Influences of natural colloids on metal bioavailability to two marine

Research output: Journal Publications and Reviews (RGC: 21, 22, 62)21_Publication in refereed journalpeer-review

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Original languageEnglish
Pages (from-to)4571-4576
Journal / PublicationEnvironmental Science and Technology
Issue number21
Online published26 Sep 2000
Publication statusPublished - 1 Nov 2000
Externally publishedYes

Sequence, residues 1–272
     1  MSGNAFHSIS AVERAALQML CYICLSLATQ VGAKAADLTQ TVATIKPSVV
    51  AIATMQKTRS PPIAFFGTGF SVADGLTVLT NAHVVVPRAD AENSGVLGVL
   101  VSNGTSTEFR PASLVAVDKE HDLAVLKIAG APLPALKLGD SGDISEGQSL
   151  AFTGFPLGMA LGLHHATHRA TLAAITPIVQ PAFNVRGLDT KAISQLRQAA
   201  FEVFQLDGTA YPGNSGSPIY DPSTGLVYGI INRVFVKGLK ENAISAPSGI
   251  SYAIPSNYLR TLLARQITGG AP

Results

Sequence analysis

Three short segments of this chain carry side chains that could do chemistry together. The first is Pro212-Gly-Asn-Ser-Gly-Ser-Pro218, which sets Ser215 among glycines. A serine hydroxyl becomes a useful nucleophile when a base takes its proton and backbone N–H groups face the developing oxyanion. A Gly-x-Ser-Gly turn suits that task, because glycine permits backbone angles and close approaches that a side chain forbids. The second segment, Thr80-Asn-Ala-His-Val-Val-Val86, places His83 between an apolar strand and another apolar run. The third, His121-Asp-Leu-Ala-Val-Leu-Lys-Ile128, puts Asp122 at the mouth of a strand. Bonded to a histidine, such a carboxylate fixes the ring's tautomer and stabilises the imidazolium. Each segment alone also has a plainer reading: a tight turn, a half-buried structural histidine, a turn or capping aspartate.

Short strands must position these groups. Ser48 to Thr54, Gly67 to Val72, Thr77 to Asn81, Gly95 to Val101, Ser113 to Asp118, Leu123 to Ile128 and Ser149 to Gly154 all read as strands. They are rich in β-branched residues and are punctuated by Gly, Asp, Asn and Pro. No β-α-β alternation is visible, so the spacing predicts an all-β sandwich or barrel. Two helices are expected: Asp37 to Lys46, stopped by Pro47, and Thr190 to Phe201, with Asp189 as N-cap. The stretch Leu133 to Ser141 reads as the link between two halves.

We examined the bioavailability of colloid-bound metals [Cd, Cr(III), and Zn] to two marine bivalves (mussel Perna viridis and clam Ruditapes philippinarum) from subtropical and tropical waters. Natural colloids (between 1 nm and 0.2 μm) were isolated by cross-flow ultrafiltration. Bivalves were then exposed to radiolabeled colloids, and the uptake of colloid-bound metals was compared with the uptake of metals associated with the low molecular weight fraction (LMW, <1 kDa). In general, the bioavailability of colloid-bound Zn to mussels was significantly inhibited as compared to that of the LMW-bound Zn. Its uptake decreased with increasing colloidal organic carbon (COC) concentration. There was no major difference in Cd bioavailability between the LMW and the colloidal treatments, primarily because most of the radiolabeled colloidal Cd remained in the truly dissolved phase during the uptake period. In contrast, the bioavailability of colloid-bound Cr was enhanced in the mussels. In clams, bioavailability of metals was not significantly influenced by colloidal binding, although Zn uptake was slightly enhanced when it was associated with the LMW fraction. The measured dry weight concentration factor (DCF) in bivalve tissue was the highest for Zn, followed by Cd and Cr. Furthermore, DCF was higher in the mussels (20-340) than in the clams (10-35). Colloid-bound metals were mostly accumulated in mussel digestive gland and remaining soft tissue (64-87%), whereas a large fraction (36-73%) of metals was found on the shell of the clams. Coagulation of radioactive tagged colloidal organic matter was insignificant (<9%) for metals in the absence of large suspended particles, indicating that coagulation effects on metal uptake were minimal under our experimental conditions. Thus, our study demonstrated that colloid-bound metals were bioavailable to both the mussels and the clams, but the influences of colloidal binding on metal uptake varied among metals and between the two bivalves.